Do you evaluate your SEO activities in Google Analytics? Well, I’ve probably got some bad news for you.
If you analyze the performance of landing pages by using an organic traffic data in the Google Analytics report, you should know that the data is very inaccurate.
In some cases, from 50% to 90% of all visits, which are considered to be organic sessions, never came from search engines.
In this article, I’ll tell you why this occurs and how to improve your SEO reporting.
Nowadays, the Landing pages report provides the most important information for SEO evaluation.
By analyzing them, you can sum up which pages bring more organic traffic to the website. That’s how you know which pages are doing well and which ones need improvement.
But the Landing pages report for organic traffic in Google Analytics often shows distorted data. Why?
Even if GA displays that the page /super-optimized-page has 1,000 visits, this page has never had to appear in Google. Up to 90% of all traffic can be fake.
How is that possible?
This is because direct traffic in Google Analytics is overwritten by any other previous source. The attribution is affected by using cookies, so Google Analytics remembers every user for six months from the time of his last visit. Basically, that means:
- If a visitor comes to your website via a search engine, the session in Google Analytics is always organic.
- If a visitor is coming back to your site from an unknown source, the session is once again organic.
And that’s why analyzing the organic traffic data and the landing pages can often be so misleading. Learn more about what causes growth in “direct” traffic from an unknown source over time.
In the image below, you will see data with the most organically visited landing pages. www.SME.sk is the largest news site in Slovakia. According to this report, it seems as if the homepage had 132,171 sessions, just from search engines.
The page looks like it is very well-optimized. According to the traffic, it probably has high rankings in SERPs, so users click on it very often. In comparison to other landing pages, the homepage is performing better.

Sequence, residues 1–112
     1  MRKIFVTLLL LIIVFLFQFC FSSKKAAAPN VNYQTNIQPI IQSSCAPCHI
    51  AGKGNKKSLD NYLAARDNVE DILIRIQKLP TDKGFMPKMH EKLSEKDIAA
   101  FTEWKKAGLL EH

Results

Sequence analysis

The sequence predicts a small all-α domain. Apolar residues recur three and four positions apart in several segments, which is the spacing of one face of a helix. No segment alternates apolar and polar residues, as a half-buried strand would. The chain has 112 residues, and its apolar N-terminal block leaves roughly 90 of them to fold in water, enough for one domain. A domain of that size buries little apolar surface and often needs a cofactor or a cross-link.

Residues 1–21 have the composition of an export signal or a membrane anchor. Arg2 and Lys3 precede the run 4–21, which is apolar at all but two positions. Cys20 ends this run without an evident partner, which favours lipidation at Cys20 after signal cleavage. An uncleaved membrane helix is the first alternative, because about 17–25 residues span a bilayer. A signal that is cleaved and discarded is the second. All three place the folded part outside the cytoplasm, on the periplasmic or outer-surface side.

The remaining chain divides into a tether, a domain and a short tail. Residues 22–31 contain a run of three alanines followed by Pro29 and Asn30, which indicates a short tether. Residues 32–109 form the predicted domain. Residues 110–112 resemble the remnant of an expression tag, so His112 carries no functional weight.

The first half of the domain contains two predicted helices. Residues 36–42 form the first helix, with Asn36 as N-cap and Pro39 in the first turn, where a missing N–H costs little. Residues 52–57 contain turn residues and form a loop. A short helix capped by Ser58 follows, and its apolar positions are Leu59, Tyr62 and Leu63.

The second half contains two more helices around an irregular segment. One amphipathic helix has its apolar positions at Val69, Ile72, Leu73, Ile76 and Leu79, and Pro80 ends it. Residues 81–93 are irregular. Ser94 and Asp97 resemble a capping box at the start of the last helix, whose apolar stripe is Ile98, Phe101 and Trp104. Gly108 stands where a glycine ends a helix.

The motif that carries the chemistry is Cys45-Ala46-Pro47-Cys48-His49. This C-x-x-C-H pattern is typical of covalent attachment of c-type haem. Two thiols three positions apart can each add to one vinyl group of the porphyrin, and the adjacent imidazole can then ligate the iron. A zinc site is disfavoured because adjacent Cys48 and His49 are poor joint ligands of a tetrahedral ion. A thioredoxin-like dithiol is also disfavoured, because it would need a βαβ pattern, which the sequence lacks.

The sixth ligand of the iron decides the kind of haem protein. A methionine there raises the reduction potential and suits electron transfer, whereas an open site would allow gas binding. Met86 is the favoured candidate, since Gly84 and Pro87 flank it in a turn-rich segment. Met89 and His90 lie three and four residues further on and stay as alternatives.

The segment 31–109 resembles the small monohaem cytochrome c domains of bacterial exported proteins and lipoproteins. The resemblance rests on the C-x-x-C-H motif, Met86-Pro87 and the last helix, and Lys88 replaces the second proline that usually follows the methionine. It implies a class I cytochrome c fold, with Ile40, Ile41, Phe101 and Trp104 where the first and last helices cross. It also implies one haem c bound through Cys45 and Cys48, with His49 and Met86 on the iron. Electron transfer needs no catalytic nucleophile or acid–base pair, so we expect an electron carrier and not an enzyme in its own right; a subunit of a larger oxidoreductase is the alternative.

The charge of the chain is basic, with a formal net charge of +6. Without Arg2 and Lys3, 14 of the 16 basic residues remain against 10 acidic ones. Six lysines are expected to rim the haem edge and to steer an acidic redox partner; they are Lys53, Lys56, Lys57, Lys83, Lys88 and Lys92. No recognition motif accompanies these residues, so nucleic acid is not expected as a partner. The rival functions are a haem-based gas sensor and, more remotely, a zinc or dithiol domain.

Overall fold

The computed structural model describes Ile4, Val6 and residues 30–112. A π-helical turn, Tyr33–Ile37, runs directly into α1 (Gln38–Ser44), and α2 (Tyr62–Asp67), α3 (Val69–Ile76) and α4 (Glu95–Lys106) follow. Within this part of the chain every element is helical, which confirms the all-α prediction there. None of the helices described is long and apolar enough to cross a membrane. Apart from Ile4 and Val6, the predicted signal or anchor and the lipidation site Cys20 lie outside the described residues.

But as it was written above, this assumption might be misleading. This traffic probably isn’t just organic traffic.
The attribution precedence can be confusing, but there is a way out of this.
Recently, Google has added a new dimension called “Direct Session”, which helps to distinguish real organic traffic from regular traffic, which was originally direct, and therefore can be considered as “rubbish” for SEO specialists.
You can find this dimension in the Landing pages report, with organic traffic selected. In the report, choose “Direct Session” as a secondary dimension, as you can see in the image below.
After this step, the traffic data is divided into two different types of acquisition:
- Direct sessions -> option “Yes”, which means traffic comes from other direct sources, which were overwritten when using cookies.
- No-direct sessions -> option “No”, which means traffic comes from the organic search.
For getting only the accurate organic data, you can use an Advanced filter and exclude Direct Session containing “yes”.
Now you can see the real number of visitors who have come to your website through an organic search through only the search engines.
Let’s return to the example above. Before using Direct Session dimension, the homepage of www.sme.sk had 132,171 sessions from organic traffic.
After using this dimension, we can see that more than 90% of all homepage “organic traffic” is not really organic.
In the end, it looks like the homepage is not doing as well in organic traffic as it may have seemed.
This is a disclosure which can help you in the future with the accurate analyzing of KPI’s and landing pages optimising.
Because of the attribution precedence in Google Analytics, SEO specialists sometimes analyze landing pages and KPI’s with skewed data.
With the newly added dimension “Direct Traffic”, precise analyzing of the organic traffic data is easier than ever before.
Go open your Google Analytics and check it out for yourself. Afterwards, let us know in the comments what you found out.